Representative line: /proc/net/tcp



  • I decided I should write something that reads /proc/net/tcp. No idea what I'm going to do with the data, but whatever. Here's the code that reads a single line from the file, not including the error checking, variable declarations, or processing:

    _, err := fmt.Fscanf(f, "%4d: %08X:%04X %08X:%04X %02X %08X:%08X %02X:%08X %08X %5d %8d %d %s %s %s %s %s %s %s\n", &slot, &local_addr, &local_port, &remote_addr, &remote_port, &state, &tx_queue, &rx_queue, &tr, &tm_when, &retrnstmt, &uid, &timeout, &inode, &unknown1, &unknown2, &unknown3, &unknown4, &unknown5, &unknown6, &unknown7)


  • Ok so you are doing a WTF task, and to accomplish it you're now writing some WTF code, and then you're posting it here

    Thanks?



  • @Ben L. said:

    I decided I should write something that reads /proc/net/tcp. No idea what I'm going to do with the data, but whatever. Here's the code that reads a single line from the file, not including the error checking, variable declarations, or processing:

    _, err := fmt.Fscanf(f, "%4d: %08X:%04X %08X:%04X %02X %08X:%08X %02X:%08X %08X %5d %8d %d %s %s %s %s %s %s %s\n", &slot, &local_addr, &local_port, &remote_addr, &remote_port, &state, &tx_queue, &rx_queue, &tr, &tm_when, &retrnstmt, &uid, &timeout, &inode, &unknown1, &unknown2, &unknown3, &unknown4, &unknown5, &unknown6, &unknown7)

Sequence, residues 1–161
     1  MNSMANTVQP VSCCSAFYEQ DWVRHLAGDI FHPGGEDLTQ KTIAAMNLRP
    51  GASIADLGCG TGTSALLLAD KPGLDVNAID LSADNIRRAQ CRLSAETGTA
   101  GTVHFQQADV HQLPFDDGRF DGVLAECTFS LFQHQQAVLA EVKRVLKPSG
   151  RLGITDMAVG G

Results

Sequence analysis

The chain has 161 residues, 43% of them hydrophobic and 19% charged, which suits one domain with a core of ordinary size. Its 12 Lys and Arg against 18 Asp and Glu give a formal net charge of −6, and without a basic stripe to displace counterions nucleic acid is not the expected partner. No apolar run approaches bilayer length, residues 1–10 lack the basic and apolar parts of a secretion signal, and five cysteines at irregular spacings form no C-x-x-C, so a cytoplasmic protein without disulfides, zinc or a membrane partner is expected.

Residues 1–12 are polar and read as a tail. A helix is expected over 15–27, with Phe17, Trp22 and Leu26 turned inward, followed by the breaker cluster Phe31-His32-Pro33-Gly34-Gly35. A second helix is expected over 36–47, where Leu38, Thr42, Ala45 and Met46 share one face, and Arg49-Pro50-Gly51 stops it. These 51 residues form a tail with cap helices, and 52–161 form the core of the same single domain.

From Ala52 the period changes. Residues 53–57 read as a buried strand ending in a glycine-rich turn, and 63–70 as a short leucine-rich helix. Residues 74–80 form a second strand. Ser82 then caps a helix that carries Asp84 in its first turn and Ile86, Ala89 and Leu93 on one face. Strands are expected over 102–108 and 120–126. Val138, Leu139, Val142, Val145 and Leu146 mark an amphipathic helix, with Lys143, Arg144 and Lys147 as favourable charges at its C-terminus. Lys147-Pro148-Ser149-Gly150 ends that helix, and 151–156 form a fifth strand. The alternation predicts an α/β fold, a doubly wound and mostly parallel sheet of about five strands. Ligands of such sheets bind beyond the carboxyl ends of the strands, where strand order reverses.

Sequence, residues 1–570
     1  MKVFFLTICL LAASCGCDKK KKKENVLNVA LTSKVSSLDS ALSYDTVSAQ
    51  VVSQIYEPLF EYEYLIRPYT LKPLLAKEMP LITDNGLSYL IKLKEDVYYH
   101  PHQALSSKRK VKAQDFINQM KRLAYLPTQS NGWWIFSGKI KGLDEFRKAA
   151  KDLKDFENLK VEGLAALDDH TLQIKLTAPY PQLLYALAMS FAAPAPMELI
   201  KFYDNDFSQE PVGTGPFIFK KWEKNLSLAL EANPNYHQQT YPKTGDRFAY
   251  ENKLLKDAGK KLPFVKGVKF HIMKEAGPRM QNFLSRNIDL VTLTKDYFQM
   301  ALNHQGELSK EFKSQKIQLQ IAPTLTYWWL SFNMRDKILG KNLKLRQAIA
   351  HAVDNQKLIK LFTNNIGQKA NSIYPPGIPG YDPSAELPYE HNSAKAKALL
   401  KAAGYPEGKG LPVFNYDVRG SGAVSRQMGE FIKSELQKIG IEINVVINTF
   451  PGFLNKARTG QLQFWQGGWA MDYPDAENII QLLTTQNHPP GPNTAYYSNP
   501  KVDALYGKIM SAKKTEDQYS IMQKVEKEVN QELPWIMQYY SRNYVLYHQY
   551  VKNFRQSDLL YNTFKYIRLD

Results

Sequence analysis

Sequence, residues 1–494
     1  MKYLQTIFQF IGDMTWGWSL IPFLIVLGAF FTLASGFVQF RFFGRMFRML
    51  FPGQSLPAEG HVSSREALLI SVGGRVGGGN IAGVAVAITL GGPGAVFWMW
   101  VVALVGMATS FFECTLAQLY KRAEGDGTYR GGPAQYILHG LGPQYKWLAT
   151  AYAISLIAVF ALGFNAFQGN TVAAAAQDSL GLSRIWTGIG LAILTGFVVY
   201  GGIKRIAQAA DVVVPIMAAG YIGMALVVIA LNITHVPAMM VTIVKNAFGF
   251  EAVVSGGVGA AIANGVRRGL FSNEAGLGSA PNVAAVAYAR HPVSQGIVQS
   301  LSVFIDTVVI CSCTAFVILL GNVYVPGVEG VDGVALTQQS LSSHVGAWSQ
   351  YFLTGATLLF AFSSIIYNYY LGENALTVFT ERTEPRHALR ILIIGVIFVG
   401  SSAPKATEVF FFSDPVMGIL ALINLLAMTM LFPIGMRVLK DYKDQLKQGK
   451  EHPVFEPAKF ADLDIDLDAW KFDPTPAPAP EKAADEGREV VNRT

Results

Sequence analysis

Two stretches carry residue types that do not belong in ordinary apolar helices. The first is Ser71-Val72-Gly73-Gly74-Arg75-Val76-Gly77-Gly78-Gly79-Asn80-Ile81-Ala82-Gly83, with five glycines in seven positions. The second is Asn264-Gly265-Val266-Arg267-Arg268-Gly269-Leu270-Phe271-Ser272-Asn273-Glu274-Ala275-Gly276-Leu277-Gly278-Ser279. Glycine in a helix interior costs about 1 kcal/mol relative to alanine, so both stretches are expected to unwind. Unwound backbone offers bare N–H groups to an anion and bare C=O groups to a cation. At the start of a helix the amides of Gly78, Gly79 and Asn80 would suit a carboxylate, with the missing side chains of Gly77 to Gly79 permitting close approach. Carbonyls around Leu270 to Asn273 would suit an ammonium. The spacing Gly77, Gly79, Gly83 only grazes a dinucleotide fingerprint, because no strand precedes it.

Hey you misspelled the slut parameter




  • @Ben L. said:

    I decided I should write something that reads /proc/net/tcp.
     

    A WTF indeed.

     



  • @Ben L. said:


    _, err := fmt.Fscanf(f, "%4d: %08X:%04X %08X:%04X %02X %08X:%08X %02X:%08X %08X %5d %8d %d %s %s %s %s %s %s %s\n", &slot, &local_addr, &local_port, &remote_addr, &remote_port, &state, &tx_queue, &rx_queue, &tr, &tm_when, &retrnstmt, &uid, &timeout, &inode, &unknown1, &unknown2, &unknown3, &unknown4, &unknown5, &unknown6, &unknown7)

    So it uses space-separated columns to pass some 21 parameters of each connection. The parameters are probably useful for something. So they could have done this. It serializes the parameters with one statement on kernel side and you deserialize it with another one statement on application side. Or they could devise some complex format like XML. Yes, you would know what the parameters were if you looked at it as human. But it would take couple hundred lines to write and even more lines to parse. Now would that be good use of CPU power and programmer effort? So what is the WTF?



  • Forgive me as it's been a while, but weren't these files, and by extension their formats created long before anyone ever conjured up anything like xml? On my system, the file has a header row that offers crude column names (possibly manually added by SAs, don't know)..

    Crontab doesn't even have that unless you add it yourself.

    IMHO, it looks like you did it in the only reasonably efficient way you could, and that's not a WTF.

     


  • Discourse touched me in a no-no place

    @Ben L. said:

    No idea what I'm doing
    FTFY



  • @snoofle said:

    Forgive me as it's been a while, but weren't these files, and by extension their formats created long before anyone ever conjured up anything like xml?

    And God knows nothing in the *nix world would ever change or be modernized ever for any reason ever.



  • @blakeyrat said:

    @snoofle said:
    Forgive me as it's been a while, but weren't these files, and by extension their formats created long before anyone ever conjured up anything like xml?

    And God knows nothing in the *nix world would ever change or be modernized ever for any reason ever.

    Agreed.